Roxbury & Woodbury, Connecticut
By Lorien Crow | October 31, 2011
On a chilly autumn afternoon, Upper Grassy Hill Road in Roxbury, Connecticut, can seem a lonely place as the last orange leaves hang by a thread from nearly bare branches.
The charcoal grey clouds shroud the sun, and the rusted metal rods of the small, strange weather tower clank and groan in the wind. The sleepy hills of Roxbury, neighboring Woodbury, and Watertown roll away toward the valley.
The airport road, as it is known locally, is one of my favorite places on earth. As a teenager I came up here alone at night, to stare past the quiet hills into the far distance. I might have thought twice if I’d heard of Moll Cramer - the “Witch of Woodbury.”
I first became aware of Moll many years later while on a tour of Glebe House, an eighteenth-century farmhouse that sits near the historic center of Woodbury.
The tour guide briefly mentioned the witch, then breezed into the next room and another subject. But my mind kept returning to Moll. Who was she? Was she really a witch?
Very little has been written about Moll Cramer, most of the stories being passed down from generation to generation. An exception is History of Ancient Woodbury, Connecticut: From the First Indian Deed in 1659 to 1854. Volume 2 by William Cothren. This 1,600 plus page tome was published in 1872 and dedicates just a few scant pages to the story. It tells the tale of a tortured soul who fell victim to vicious gossip and religious mores of the time.
According to Cothren, Moll was married to Adam Cramer, a blacksmith and devout Christian, in the early-to-mid 1700’s. Adam found Moll to be of an unpleasant disposition, and he went to great pains not to upset her, for “whenever he was so unlucky as to fall under her ire, everything went wrong with him,” and he was unable to shoe horses.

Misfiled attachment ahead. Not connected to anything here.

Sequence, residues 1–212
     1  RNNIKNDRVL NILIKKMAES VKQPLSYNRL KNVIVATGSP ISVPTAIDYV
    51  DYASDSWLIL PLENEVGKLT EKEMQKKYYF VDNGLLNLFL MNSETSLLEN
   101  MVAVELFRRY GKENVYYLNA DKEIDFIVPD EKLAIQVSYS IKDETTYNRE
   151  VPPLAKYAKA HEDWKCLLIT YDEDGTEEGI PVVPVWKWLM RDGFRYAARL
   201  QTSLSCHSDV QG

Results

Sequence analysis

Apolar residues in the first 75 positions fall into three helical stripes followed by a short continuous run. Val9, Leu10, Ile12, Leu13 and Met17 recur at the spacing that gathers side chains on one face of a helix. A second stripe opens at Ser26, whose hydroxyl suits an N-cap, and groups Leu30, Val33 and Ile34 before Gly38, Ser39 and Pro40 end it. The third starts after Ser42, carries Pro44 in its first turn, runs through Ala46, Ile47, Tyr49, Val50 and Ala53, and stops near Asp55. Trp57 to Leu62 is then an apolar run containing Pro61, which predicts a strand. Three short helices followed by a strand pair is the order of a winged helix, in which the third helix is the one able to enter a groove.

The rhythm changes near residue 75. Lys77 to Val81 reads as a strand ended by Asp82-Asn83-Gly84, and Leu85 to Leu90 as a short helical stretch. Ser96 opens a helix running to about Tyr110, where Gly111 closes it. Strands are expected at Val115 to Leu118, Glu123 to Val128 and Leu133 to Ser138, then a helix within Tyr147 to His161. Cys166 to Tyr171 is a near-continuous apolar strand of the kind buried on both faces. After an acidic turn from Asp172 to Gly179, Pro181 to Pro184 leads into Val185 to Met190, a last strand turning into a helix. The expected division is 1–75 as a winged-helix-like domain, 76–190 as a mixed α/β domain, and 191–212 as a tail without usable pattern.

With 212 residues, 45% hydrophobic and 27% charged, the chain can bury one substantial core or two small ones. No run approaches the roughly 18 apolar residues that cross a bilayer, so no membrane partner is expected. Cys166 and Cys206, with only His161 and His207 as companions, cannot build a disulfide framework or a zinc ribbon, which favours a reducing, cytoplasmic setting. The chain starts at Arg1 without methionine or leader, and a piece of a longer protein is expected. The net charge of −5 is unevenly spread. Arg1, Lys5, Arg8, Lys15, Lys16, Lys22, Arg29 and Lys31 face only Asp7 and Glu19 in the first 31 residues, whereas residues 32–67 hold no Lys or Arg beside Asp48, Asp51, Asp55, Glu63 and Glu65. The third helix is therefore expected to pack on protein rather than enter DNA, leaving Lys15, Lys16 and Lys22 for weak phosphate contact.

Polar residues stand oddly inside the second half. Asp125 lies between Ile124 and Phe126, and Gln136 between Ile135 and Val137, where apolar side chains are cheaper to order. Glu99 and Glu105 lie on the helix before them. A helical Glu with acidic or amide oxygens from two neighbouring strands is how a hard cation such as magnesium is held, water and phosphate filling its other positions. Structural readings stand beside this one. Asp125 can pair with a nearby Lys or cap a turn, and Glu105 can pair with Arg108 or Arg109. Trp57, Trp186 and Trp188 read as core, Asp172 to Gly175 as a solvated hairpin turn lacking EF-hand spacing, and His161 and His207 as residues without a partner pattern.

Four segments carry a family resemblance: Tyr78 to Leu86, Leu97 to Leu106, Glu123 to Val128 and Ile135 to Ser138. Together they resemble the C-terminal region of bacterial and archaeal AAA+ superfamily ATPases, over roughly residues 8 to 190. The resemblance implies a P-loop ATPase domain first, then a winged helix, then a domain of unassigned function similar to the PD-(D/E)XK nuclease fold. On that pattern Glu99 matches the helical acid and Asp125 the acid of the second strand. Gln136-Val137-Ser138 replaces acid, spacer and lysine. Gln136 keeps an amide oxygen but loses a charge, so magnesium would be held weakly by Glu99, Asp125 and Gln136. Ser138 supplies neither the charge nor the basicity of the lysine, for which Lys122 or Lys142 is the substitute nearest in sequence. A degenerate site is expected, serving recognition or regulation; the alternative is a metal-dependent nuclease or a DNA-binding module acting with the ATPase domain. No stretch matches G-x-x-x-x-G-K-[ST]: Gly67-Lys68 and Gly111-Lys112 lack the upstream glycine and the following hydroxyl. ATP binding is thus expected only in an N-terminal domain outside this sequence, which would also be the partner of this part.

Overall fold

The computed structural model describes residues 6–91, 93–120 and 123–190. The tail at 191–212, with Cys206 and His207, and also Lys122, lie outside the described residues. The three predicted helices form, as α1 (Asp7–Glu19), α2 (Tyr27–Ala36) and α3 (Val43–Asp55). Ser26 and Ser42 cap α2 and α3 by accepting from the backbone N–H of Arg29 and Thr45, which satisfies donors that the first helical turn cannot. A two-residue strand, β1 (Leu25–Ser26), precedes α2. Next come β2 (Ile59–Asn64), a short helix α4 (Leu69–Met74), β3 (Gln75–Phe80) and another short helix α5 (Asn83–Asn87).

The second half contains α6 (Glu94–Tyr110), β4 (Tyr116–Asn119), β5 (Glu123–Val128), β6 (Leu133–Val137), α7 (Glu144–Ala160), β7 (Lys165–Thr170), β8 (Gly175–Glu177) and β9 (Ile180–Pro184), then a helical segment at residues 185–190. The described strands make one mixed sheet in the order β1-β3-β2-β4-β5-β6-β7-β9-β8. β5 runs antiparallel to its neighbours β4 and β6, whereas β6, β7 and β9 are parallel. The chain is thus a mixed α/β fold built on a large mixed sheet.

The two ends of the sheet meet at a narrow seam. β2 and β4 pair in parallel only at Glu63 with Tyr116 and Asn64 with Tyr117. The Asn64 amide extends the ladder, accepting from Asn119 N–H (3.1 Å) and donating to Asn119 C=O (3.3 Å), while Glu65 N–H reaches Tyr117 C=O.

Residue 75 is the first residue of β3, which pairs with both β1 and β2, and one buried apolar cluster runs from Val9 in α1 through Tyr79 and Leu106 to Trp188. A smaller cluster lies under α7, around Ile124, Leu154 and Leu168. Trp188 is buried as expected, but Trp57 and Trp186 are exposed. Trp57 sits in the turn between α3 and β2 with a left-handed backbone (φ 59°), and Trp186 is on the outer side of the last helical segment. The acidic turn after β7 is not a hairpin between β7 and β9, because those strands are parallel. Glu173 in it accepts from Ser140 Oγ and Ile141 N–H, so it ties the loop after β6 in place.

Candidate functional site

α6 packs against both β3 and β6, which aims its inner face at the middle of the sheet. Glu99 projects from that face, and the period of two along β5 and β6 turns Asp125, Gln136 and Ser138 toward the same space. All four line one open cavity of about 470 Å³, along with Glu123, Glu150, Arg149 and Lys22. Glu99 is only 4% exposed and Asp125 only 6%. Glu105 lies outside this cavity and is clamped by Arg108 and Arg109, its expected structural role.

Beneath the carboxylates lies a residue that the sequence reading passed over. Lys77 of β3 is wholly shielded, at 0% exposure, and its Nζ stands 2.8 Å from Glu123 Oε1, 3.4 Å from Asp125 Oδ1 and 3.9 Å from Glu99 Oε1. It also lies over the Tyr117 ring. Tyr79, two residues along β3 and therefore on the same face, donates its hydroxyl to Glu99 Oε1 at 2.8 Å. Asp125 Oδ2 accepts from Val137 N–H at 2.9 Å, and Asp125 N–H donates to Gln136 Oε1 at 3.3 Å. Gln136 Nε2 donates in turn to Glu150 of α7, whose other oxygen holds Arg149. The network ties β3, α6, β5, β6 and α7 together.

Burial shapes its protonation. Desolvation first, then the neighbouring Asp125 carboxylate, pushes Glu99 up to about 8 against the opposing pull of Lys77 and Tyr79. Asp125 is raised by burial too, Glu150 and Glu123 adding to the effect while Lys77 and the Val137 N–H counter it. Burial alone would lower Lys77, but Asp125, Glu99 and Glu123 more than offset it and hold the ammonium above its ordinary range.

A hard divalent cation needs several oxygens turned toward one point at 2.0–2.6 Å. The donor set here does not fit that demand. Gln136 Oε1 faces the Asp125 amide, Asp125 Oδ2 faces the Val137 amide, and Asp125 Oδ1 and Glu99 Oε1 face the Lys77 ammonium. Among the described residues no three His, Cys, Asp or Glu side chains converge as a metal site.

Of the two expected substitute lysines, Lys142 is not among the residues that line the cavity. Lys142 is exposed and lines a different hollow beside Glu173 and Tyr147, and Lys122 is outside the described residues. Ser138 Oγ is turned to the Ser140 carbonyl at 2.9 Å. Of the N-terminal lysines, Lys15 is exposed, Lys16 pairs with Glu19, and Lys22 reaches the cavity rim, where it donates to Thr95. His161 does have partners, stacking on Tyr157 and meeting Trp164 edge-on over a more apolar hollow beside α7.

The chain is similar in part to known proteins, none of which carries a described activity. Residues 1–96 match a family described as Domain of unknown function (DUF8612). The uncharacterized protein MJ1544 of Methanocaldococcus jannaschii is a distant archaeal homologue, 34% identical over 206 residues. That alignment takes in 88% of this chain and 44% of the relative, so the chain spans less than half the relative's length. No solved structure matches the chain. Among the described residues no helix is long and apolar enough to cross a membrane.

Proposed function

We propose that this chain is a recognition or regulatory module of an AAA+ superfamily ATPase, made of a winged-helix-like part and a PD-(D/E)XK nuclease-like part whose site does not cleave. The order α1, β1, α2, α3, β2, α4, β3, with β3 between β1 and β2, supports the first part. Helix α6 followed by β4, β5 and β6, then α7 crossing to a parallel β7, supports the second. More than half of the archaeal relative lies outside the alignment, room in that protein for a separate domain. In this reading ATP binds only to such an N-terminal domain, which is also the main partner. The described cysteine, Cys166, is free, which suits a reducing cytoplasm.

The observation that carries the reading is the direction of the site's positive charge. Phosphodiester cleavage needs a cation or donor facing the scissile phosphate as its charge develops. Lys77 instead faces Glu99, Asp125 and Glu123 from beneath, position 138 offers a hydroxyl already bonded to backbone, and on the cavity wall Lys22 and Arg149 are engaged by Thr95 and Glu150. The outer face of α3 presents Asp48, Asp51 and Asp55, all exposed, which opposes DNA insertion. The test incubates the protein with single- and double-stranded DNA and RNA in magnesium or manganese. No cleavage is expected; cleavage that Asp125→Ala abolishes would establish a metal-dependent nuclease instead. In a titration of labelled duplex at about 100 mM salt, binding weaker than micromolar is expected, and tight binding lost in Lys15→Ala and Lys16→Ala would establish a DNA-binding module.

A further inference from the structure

When the townspeople began to avoid his smithy for fear of her, and accused him of “holding familiarity with Satan,” Adam threw out both her and their young son, who was also called Adam. The townsfolk claimed the boy was bewitched by his mother.
Shunned by the public, Moll built a tiny shack in the southwestern woods off where Grassy Hill Road now runs, far from the town center. Woodbury and Roxbury were one town then, so Moll’s threadbare cabin likely stood close to where the airport road is today.
If being labeled a witch made Moll’s life difficult, at least it made begging easier for her. The residents of Woodbury so feared Moll that they were afraid to deny her anything. So when she appeared on a doorstep begging for food they gave it to her. It was rumored that “if she asked for a piece of pork, and it was denied, a blight fell upon that man’s swine, and no wealth of meal and potatoes could ever fatten them.”
Still, she was reduced to the life of a savage. Her very presence unwelcome in town, Moll and her son lived as outcasts. Cothren describes how they “slept on straw, in a filthy way, and eked out a scanty subsistence by begging from the much enraged neighborhood.”
Whether Moll was truly a witch is, at best, questionable, but the behavior of her neighbors is not. The true horror of the tale is the suspicion, piousness, and severe cruelty that drove good people to heinous behavior.
When the wind blows, the coyotes howl, and the first flakes of snow hit the bare branches of the trees, I think of Moll and wonder how she and her son could have possibly survived alone in this bleak landscape.
There is no record of either her death or that of her son, so what happened to them is a mystery. Today, some believe they moved away once he was older, disappearing into another town, perhaps finding work as servants or farmhands. Others report that the church eventually took pity on them and provided her with enough meager provisions that they no longer had to live in the wild.
But a lot of folks, especially those who live on the windy hill, believe that Moll and her son died in the woods during a cold winter, and that her angry spirit roams the hills and town of Woodbury, knocking on kitchen doors, and taking revenge upon those who don’t offer a morsel of bread or a sip of ale.